Medical training review granted

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THE DEPARTMENT of Health was ordered by a judge yesterday to break its silence over junior doctors' claims of restrictive practices in the medical profession that breach EC laws.

The High Court ruled that the Government must answer allegations that it has failed to implement EC directives intended to ensure that fully qualified medical specialists can practise in any member state.

An application from Dr Anthony Goldstein, a Harley Street rheumatologist, for a judicial review of laws governing specialist medical training was granted by Mr Justice Popplewell. The review, opposed by lawyers for the department, will be heard by the High Court later this year.

The EC directives were drawn up in 1975 to bring about a single EC-wide certification system governing specialist medical training and qualification to foster the free movement of doctors throughout the Community.

However, the European Commission complained last May that the UK medical authorities were discriminating against doctors with EC certificates in favour of those holding the UK specialist accreditation from the medical Royal Colleges. It said the UK was acting unlawfully by running the two systems in tandem.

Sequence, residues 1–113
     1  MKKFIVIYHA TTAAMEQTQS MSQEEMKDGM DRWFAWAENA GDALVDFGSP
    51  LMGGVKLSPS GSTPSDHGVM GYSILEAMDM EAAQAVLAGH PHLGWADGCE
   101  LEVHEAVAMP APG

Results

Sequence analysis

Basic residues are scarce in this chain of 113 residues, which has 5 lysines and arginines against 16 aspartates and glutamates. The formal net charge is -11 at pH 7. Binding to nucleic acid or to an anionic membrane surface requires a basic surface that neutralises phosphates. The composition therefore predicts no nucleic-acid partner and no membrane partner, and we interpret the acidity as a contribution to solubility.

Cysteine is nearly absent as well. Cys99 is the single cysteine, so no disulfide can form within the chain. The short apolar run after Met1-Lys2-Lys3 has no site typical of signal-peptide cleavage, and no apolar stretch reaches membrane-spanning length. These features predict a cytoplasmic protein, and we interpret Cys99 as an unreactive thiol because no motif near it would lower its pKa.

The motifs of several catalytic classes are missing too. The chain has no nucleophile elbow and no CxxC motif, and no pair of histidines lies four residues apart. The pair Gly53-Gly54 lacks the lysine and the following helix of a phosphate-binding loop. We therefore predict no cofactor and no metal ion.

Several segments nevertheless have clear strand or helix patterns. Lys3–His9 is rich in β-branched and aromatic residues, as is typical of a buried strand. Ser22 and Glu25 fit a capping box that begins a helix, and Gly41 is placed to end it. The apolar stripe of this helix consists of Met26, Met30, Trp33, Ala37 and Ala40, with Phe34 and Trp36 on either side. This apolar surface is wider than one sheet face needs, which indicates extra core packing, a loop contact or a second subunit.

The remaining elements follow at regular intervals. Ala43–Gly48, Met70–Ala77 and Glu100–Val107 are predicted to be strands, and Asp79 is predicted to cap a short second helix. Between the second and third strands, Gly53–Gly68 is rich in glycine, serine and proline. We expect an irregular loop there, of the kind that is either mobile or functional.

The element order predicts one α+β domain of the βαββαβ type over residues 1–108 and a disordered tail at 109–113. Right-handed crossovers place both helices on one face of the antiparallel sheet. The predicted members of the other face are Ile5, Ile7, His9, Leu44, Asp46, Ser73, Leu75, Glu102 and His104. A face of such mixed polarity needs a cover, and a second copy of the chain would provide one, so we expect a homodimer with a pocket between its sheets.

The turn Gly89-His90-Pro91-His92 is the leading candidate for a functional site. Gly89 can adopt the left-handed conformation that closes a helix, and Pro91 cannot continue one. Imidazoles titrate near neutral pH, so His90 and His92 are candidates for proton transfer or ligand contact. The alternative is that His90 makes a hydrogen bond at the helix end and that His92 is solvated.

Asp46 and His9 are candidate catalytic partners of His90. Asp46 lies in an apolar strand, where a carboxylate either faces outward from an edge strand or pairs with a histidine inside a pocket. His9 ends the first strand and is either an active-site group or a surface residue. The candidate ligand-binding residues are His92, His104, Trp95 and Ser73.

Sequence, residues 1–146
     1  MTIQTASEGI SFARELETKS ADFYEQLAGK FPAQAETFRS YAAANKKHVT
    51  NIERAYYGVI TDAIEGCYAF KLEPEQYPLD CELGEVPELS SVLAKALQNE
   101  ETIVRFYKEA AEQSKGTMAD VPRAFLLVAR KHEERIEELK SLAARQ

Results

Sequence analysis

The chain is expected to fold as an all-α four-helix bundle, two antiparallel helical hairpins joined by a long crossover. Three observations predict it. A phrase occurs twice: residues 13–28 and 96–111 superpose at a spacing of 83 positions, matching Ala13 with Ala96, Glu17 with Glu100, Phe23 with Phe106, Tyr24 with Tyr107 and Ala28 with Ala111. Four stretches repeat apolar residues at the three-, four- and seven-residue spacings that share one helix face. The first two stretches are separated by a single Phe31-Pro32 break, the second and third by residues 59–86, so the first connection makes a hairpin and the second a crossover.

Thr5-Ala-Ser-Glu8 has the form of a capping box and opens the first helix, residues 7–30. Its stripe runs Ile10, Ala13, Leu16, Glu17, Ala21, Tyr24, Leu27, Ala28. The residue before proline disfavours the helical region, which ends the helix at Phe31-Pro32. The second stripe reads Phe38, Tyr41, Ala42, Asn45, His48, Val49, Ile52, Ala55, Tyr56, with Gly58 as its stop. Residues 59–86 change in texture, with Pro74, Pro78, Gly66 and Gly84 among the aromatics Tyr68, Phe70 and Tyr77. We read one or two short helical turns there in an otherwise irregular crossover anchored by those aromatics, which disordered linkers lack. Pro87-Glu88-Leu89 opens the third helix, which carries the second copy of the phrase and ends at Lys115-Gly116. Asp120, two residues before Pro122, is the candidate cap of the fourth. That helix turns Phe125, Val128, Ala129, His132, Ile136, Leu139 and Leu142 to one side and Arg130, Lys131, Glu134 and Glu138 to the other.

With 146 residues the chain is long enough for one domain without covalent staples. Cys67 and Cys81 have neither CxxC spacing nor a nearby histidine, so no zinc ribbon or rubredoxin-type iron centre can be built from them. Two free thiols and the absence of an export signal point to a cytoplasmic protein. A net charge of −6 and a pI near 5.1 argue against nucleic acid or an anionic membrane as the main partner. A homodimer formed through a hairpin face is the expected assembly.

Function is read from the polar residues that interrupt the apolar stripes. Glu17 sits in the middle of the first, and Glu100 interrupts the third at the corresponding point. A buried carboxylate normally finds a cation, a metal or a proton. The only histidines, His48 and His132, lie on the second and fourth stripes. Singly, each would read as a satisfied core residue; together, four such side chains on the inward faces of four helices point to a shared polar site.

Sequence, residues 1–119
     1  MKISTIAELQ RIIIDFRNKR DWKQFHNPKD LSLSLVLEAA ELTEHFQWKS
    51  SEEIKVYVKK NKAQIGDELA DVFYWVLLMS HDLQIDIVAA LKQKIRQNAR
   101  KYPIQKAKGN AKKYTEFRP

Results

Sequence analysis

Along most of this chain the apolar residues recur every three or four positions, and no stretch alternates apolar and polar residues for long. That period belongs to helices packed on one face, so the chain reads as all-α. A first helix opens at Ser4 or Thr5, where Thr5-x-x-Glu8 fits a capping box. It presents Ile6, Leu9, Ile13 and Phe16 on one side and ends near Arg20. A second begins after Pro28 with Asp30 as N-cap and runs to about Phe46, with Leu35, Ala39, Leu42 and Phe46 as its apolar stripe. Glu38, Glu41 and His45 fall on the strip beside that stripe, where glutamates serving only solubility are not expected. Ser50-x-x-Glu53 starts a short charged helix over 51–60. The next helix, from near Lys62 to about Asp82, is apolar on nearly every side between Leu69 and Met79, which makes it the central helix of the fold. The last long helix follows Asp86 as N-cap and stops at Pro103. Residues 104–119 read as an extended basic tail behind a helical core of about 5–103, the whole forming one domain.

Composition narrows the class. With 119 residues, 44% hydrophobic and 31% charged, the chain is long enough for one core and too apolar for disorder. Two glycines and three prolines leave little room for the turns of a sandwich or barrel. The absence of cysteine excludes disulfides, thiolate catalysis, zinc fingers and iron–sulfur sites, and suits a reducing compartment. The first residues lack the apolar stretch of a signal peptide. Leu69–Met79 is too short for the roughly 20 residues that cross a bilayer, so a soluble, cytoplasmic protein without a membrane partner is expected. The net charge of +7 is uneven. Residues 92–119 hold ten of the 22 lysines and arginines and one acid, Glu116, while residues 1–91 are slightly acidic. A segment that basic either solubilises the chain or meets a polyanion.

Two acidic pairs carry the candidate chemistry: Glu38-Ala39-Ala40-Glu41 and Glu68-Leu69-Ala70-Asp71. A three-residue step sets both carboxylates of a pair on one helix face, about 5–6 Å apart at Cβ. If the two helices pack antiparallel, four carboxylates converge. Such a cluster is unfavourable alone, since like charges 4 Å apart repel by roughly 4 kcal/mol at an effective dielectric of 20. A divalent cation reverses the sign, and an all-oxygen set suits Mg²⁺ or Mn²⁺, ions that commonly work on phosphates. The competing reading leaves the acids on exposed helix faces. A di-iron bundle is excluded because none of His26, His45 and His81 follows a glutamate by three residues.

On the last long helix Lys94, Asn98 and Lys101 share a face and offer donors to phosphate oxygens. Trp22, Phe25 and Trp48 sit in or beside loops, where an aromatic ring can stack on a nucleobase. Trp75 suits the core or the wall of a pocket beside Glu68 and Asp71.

Virginia Bottomley, Secretary of State for Health, responded by establishing a working party, headed by Kenneth Calman, the Chief Medical Officer, to begin an overhaul of training and promotion and appointment practices. Although Department of Health lawyers accepted the EC complaints in June, ministers have repeatedly refused to respond publicly and in detail to junior doctors' demands for an explanation and early remedial action.

Dr Goldstein told the court yesterday that the Government's failure to enforce the directives had led to unnecessary shortages of qualified medical specialists practising in the UK and patient waiting lists that were among the worst in Europe.

Moreover, the British public had no way of knowing who was treating them. 'Under the present system, they cannot know if their doctor is a fully qualified specialist or a charlatan,' he said.

Last December, the High Court ruled it was 'perverse' of the UK medical authorities to grant Dr Goldstein EC specialist certification yet to deny him the UK accreditation. Most doctors are refused promotion to NHS consultant posts unless they have accreditation - denounced by many juniors as more of a work permit than a qualification.

The court yesterday rejected technical arguments from Eleanor Sharpston, the Department of Health's barrister, that Dr Goldstein's application was invalid because he had never practised as a doctor outside the UK.

Ms Sharpson said the department had introduced regulations on medical qualifications in 1977 in the belief that these implemented the EC directive.